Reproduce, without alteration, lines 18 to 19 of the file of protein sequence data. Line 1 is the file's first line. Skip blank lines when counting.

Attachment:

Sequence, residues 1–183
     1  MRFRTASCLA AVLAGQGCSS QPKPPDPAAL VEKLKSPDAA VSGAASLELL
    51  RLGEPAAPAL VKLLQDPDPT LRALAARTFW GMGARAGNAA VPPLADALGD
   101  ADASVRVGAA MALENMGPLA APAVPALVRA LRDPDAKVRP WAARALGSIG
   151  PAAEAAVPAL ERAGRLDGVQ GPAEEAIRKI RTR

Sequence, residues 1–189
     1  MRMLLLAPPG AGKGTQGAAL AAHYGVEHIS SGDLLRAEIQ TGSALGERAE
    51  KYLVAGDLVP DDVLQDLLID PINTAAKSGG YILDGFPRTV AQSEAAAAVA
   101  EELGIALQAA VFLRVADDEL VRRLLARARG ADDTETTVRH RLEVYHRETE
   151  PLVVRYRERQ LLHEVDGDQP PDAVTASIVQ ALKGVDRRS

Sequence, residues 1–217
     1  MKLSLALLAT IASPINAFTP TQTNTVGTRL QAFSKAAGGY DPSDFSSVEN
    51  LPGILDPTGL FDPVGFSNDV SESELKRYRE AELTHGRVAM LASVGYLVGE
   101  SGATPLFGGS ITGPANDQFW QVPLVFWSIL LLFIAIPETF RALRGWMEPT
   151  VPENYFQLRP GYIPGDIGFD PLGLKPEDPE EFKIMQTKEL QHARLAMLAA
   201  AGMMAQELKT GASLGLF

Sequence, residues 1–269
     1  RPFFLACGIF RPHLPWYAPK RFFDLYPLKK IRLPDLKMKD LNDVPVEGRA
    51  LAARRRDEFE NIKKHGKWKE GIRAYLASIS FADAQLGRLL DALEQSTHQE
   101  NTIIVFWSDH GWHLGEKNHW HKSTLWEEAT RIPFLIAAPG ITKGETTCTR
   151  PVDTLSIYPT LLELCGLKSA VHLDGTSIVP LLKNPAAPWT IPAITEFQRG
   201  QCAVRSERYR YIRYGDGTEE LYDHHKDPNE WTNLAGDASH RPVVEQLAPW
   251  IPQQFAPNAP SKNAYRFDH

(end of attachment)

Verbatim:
     1  RPFFLACGIF RPHLPWYAPK RFFDLYPLKK IRLPDLKMKD LNDVPVEGRA
    51  LAARRRDEFE NIKKHGKWKE GIRAYLASIS FADAQLGRLL DALEQSTHQE